Notre Dame, Alabama stoke strong feelings for BCS national title game
Both the Fighting Irish and Crimson Tide have won their share of NCAA college football championships over the last century, dredging up dynastic disgust in fans everywhere.
Love 'em or hate 'em, it's hard to turn away from Notre Dame and Alabama.Skip to next paragraph
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They are storied programs that stir plenty of passions, college football's North and South versions of the New York Yankees.
Well, now they're facing each other for the biggest prize of all.
A national championship.
Indeed, this was shaping up as one of the most anticipated games in years, a throwback to the era when coaching giants named Bear and Ara ruled the sidelines, when it was a big deal for teams from different parts of the country to meet in a bowl, when everyone took sides based on where they happened to live.
"I'm pretty aware of our history. I've become more aware of theirs over the past few months," said Barrett Jones, the Crimson Tide's All-American center. "I know that they are a very storied program. We both are. I think that's part of what makes this matchup fun."
ESPN executives were hopeful of getting the highest ratings of the BCS era. Tickets were certainly at a premium, with a seat in one of the executive suites going for a staggering $60,000 on StubHub the day before the game, and even a less-than-prime spot in the corner of the upper deck requiring a payout of more than $900.
"This is, to me, the ultimate matchup in college football," said Brent Musberger, the lead announcer for ESPN.
For Alabama (12-1), this is a chance to be remembered as a full-fledged dynasty. The Tide will be trying to claim its third national championship in four years and become the first school to win back-to-back BCS titles, a remarkable achievement given the ever-increasing parity of the college game and having to replace five players from last year's title team who were picked in the first two rounds of the NFL draft.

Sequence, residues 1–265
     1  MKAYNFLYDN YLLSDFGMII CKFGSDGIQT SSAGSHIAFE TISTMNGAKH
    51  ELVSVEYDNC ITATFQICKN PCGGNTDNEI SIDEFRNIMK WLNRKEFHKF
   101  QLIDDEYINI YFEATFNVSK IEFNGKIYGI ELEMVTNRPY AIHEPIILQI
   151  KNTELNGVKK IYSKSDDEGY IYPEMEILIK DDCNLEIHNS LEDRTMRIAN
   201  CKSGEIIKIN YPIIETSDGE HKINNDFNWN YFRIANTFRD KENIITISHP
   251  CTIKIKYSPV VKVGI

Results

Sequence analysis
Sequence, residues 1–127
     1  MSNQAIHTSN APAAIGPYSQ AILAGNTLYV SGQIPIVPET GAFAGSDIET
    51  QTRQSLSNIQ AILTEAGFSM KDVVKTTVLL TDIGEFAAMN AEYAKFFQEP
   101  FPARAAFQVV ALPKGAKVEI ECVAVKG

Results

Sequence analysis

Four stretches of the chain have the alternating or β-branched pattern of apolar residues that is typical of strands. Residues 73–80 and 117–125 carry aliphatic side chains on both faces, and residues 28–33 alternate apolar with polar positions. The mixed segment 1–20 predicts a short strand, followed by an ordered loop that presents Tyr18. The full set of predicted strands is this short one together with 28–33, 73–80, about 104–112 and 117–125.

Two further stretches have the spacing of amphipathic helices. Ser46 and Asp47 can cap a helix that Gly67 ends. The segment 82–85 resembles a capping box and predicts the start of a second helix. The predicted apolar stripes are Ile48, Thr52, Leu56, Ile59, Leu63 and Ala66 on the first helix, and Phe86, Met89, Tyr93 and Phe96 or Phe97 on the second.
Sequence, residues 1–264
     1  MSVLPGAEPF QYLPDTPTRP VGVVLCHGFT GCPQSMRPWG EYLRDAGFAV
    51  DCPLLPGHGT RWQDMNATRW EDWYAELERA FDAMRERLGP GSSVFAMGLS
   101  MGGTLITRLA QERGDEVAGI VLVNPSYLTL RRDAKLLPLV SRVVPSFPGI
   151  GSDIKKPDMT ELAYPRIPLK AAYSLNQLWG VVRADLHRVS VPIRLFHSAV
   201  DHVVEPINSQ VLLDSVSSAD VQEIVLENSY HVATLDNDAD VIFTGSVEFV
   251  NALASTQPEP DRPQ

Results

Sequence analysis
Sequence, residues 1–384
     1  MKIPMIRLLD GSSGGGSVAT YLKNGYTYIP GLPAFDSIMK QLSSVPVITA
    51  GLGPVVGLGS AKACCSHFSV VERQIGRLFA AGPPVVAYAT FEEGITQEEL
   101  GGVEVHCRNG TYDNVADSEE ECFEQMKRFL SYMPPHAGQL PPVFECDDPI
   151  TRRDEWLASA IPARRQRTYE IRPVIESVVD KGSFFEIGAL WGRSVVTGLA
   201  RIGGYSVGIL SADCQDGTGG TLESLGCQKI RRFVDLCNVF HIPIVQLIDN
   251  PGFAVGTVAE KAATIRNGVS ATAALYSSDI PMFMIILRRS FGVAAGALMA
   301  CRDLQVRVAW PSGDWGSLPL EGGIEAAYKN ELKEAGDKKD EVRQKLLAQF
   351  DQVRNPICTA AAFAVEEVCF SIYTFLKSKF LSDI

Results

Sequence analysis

"To be honest, I think this team has kind of exceeded expectations," Saban said Sunday. "If you look at all the players we lost last year, the leadership that we lost ... I'm really proud of what this team was able to accomplish."
That said, it's not a huge surprise to find Alabama playing for another title. That's not the case when it comes to Notre Dame.
Despite their impressive legacy, the Fighting Irish (12-0) weren't even ranked at the start of the season. But overtime wins against Stanford and Pittsburgh, combined with three other victories by a touchdown or less, gave Notre Dame a shot at its first national title since 1988.
After so many lost years, the golden dome has reclaimed its luster in coach Brian Kelly's third season.
This is the beginning, he said.
"Playing in this game is an incredible springboard into the next season," Kelly said. "They've already been here. You come back the next year, it's unacceptable for a standard to be any less than being back here again."
Both Notre Dame and Alabama have won eight Associated Press national titles, more than any other school. They are the bluest of the blue bloods, the programs that have long set the bar for everyone else even while enduring some droughts along the way.